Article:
ByJames McDonald, writer at Creators.co
James is a Movie Critic and Celebrity Interviewer with over 30 years of experience as an Award-Winning Filmmaker.
James McDonald

Xu Lai had dreams once. To be an artist and marry the girl of his dreams. 15 years later, he’s sick of designing bras, humoring his baby-crazy wife, and catering to loopy in-laws. But his upcoming family vacation, now has a hidden agenda: a chance meetup with his old flame.

“Lost in Hong Kong” desperately wants you to like it. It has good actors, beautiful locales, top-notch cinematography, and an appropriate, fully-orchestrated soundtrack. So what’s missing? The one element required in order to satisfy audiences: a good film. The basic plot revolves around Xu Lai (Xu Zheng), a young artist who while in college, falls in love with a fellow artist, the beautiful Yang Yi (Du Juan). Although they are together for some time, whenever they try to kiss each other, or make out, some inexplicable event, or occurrence transpires which prevents them from going any further. Eventually, Yang gets transferred to the Chinese University of Hong Kong, leaving Xu behind. Soon thereafter, he meets Cai Bo (Zhao Wei), another art student and they end up falling for each other and getting married. Twenty years later however, while he and Cai constantly fail to conceive a child, he never stops thinking about Yang, and what might have been.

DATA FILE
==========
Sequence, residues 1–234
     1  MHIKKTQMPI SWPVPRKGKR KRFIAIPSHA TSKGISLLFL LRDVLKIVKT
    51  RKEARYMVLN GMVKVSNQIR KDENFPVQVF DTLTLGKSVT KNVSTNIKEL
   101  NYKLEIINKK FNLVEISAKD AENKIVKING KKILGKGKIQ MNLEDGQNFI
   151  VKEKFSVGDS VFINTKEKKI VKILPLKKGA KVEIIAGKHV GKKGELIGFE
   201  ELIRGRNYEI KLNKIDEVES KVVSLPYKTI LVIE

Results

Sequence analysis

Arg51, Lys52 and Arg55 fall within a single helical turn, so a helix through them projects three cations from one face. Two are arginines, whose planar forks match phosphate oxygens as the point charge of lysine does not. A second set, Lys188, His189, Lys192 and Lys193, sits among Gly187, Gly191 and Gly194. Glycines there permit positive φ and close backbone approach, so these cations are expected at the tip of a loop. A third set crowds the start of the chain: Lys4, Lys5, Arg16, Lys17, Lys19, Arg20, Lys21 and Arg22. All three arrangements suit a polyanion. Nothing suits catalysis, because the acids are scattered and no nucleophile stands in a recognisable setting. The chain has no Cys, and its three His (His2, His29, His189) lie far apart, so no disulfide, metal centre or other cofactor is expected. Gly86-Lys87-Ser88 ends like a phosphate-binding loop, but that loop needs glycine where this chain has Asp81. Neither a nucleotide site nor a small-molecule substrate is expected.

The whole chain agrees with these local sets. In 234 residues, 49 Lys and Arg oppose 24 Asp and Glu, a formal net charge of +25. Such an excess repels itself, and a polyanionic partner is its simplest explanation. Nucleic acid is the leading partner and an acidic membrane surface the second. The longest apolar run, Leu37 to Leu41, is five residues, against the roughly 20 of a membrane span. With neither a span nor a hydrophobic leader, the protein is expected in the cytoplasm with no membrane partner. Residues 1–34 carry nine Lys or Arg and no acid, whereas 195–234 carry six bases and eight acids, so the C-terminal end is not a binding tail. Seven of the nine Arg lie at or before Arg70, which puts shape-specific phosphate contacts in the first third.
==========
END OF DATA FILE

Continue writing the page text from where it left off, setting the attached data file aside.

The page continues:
While on vacation in Hong Kong with Cai’s domineering family, he hears about an art exhibit that Yang is presenting to the public and plans to sneak away to see her but with Cai’s younger brother, Cai Lala (Bao Bei’er), a filmmaker who is making a documentary about Xu’s life and who is following his every move, Xu must outsmart the youngster while also becoming embroiled in a murder investigation in which he becomes the primary suspect.

The real problem with “Lost in Hong Kong,” is that it is not very funny. Granted, while different cultures possess diversified degrees of humor, they don’t always translate very well to other cultures, and this appears to be the case here. The majority of the movie involves characters shouting and screaming at each other while becoming entangled in numerous, physical fiascos and the combination, which I’m assuming the intended goal was to be humorous, instead comes off as loud and irritating. Imagine the producers of “The Hangover” decided that in order to make the film even funnier, their actors would have to start running around, hands flailing in the air, screaming at anybody and anything that gets in their way. Now you have an idea of what to expect from “Lost in Hong Kong.”

There is a really interesting premise underneath all the shallow antics on display here. I’m sure at some point in our lives, we’ve all thought about one person we were involved with and wonder what might have been, had we stayed with them. I would have much rather this film be a romantic comedy, following the same story but concentrating on the more dramatic elements, with a dash of humor, instead of turning it into an all-out debacle. The director of the film, Xu Zheng, and also the film’s charismatic lead, directed the 2012 comedy, “Lost in Thailand,” about three friends on a road trip and the zany antics that fell flat in this iteration, didn’t fare much better in its predecessor’s excursion. Maybe it’s time Mr. Zheng started making movies about discovery, rather than calamity.

Available on Blu-ray, DVD & Digital HD March 1st

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